I pressed several respondents on whether they thought there were racial undertones to Trump’s statements on immigration, and whether they thought other (not them!) Trump supporters might be partially animated by racist beliefs. Not one person agreed with the notion, although one person acknowledged “I can’t speak for what motivates all of his supporters.” One individual, a Republican Party official who was at the rally registering voters, told me, “Here in New Hampshire, voters tend to associate Trump’s comments on building a wall and immigration with the opiate crisis, which has hit people hard here. They think doing anything to secure the borders is going to help.”
The second theme that emerged, again unprompted by me, was a deep antipathy toward Hillary Clinton. One man, in his early 40’s, told me he wasn’t voting for Trump as much as he was against Clinton. Almost to a person those I talked to expressed a fundamental belief that she could not be trusted. At one point in our conversation, the woman whose daughter is having twins lowered her voice to tell me, “I’m a Roman Catholic and a good Christian, but I just have to say this: that woman [Hillary Clinton] is evil.” When I pressed several of them to compare her knowledge on issues like foreign policy to Trump’s, they pushed back against the idea that she was somehow more qualified than him. One man visibly recoiled when I suggested she might be, on paper, better prepared to serve as commander-in-chief. “You can’t believe a word she says!” he replied incredulously. As I’ve noted in previous posts, despite fact-checking statistics that seem to show Clinton’s statements are more often factually correct than are Trump’s, there is a deep and abiding perception among a good portion of the population that Clinton is simply not trustworthy. Some of that mistrust, according to those at the NH Trump rally, goes back to events occurring under Bill’s watch. People I talked to often referenced the two of them together.
Many of the people I interviewed did not start out as Trump supporters. Several were originally Kasich or Rubio backers, but most said they were now supporting Trump. One Kasich supporter who was now voting for Trump said he couldn’t bring himself to vote for Clinton. One woman, who appeared in her early 20’s, said she had read Trump’s book The Art of the Deal when she was a teenager, and it had inspired her to go into real estate. “I’ve always admired him,” she acknowledged.
I interviewed only one person, a young woman who appeared to be in her twenties, who said she was not voting for Trump. “I was just curious to see a Trump rally,” she told me. When pressed, she told me she was voting for Clinton, but not because she supported her, but because “she is a Democrat. I’m voting for the Party.” As I noted above, at about the mid-point of Trump’s speech, spectators began trickling out complaining about the oppressive heat inside the building. Unfortunately for some of them, the Trump supporters outside the building thought they were protestors getting tossed from the premises, and their appearance sometimes incited boos and heckling from the crowd. Throughout Trump’s speech, those outside periodically erupted into chants of “Trump, Trump, Trump!”, “Build that Wall!” and “Lock her up!” One of the more imaginative chants was started by a Trump supporter who said, “Everyone talks about Trump and 1984” – apparently referencing Orwell’s classic book about authoritarian rule. “Well, I have a better date: 1789!” Whereupon people began chanting, “1789! 1789!” As one who teaches the intro course on American politics, I felt a certain pride in this particular chant.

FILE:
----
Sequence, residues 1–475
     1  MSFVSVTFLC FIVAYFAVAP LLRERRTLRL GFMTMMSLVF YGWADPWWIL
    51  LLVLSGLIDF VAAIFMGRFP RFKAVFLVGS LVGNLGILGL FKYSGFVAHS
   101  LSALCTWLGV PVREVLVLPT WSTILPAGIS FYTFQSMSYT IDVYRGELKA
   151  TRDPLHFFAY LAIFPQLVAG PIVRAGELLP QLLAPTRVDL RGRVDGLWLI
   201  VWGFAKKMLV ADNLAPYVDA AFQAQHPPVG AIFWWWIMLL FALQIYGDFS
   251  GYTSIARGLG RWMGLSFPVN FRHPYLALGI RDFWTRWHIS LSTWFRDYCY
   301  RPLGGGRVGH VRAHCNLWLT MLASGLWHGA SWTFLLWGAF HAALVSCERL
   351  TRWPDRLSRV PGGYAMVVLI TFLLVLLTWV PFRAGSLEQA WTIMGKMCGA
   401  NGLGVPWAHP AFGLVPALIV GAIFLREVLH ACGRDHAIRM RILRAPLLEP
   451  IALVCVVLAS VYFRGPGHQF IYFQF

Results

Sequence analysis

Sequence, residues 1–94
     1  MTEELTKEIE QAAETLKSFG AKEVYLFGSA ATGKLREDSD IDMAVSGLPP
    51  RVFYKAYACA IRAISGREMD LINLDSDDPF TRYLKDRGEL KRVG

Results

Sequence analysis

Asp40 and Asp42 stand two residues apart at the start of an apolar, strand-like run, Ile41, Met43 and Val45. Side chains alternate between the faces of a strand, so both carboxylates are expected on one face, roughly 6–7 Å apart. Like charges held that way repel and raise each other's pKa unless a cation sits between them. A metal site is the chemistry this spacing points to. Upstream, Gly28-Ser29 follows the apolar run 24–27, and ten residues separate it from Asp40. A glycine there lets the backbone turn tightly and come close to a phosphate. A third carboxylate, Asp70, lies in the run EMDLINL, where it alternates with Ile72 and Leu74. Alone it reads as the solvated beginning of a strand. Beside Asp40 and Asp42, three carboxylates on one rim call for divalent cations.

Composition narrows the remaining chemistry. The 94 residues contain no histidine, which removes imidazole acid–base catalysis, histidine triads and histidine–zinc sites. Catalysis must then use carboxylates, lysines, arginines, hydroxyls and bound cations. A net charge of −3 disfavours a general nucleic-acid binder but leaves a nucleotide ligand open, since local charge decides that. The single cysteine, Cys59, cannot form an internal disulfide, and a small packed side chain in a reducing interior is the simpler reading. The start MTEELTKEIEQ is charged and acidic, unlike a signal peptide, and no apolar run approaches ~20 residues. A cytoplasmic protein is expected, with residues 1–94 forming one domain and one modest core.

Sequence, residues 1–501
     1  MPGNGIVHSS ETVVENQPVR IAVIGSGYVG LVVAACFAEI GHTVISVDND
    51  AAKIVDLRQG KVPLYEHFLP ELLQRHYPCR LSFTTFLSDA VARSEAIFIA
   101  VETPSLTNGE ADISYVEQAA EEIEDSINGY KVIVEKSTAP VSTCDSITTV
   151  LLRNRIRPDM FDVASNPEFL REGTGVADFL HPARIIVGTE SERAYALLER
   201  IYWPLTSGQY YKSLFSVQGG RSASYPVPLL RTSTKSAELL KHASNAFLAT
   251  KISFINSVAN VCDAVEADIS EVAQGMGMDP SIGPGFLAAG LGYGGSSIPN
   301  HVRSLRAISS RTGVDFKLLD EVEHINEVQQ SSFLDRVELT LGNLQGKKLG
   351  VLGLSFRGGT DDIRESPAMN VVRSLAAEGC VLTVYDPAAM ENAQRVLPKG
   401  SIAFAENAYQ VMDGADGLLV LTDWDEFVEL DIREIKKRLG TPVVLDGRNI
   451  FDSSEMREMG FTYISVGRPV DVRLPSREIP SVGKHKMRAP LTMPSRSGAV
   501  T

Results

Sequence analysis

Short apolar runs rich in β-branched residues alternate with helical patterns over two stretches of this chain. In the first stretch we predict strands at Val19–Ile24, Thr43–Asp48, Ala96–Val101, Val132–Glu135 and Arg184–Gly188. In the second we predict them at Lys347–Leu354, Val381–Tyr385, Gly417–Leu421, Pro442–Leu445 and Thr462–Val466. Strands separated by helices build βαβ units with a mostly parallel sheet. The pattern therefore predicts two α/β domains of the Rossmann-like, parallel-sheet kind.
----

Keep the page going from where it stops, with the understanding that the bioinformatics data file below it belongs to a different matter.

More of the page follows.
Because we wanted to beat the traffic, we left the rally before Trump concluded his speech. You can watch the full version here. As always, I was struck by the contrast between what Trump supporters told me regarding why they support his candidacy, and what I hear on cable news and read on social media. (I’m not sure how this event was covered, but it had a heavy local media presence.)
Granted, this was a rally in New Hampshire, and it may not be representative of what Trump supporters elsewhere believe. But the deep concern about the economic future of the country is something I’ve heard from Trump supporters at other rallies I’ve attended as well. As one Trump supporter in New Hampshire explained to me, “These people still believe in the American Dream about getting ahead, but they they think it is slipping away from us.” The other aspect of the interviews that stuck with me is how thoughtful those I talked with were when giving their responses. It was clear they were knowledgeable about the candidates and the issues, and that their support was based on a careful consideration of both. Of course, I don’t doubt that there were the occasional conspiracy theorists sprinkled in Trump’s crowd as well. But on the whole this clearly wasn’t a rally of the brown-shirted thugs that social media often makes Trump’s supporters out to be. Trump has clearly tapped into a genuine feeling of economic anxiety among a significant number of voters. Whether that will be enough to propel him to the presidency remains to be seen. But it is a feeling that Clinton and her supporters would do well to take seriously.
Addendum 4:19 8/11/16: This Wall St. Journal article on the impact of Chinese imports on New Hampshire towns and communities in other states dovetails exactly with what Trump supporters were telling me at his rally on Saturday.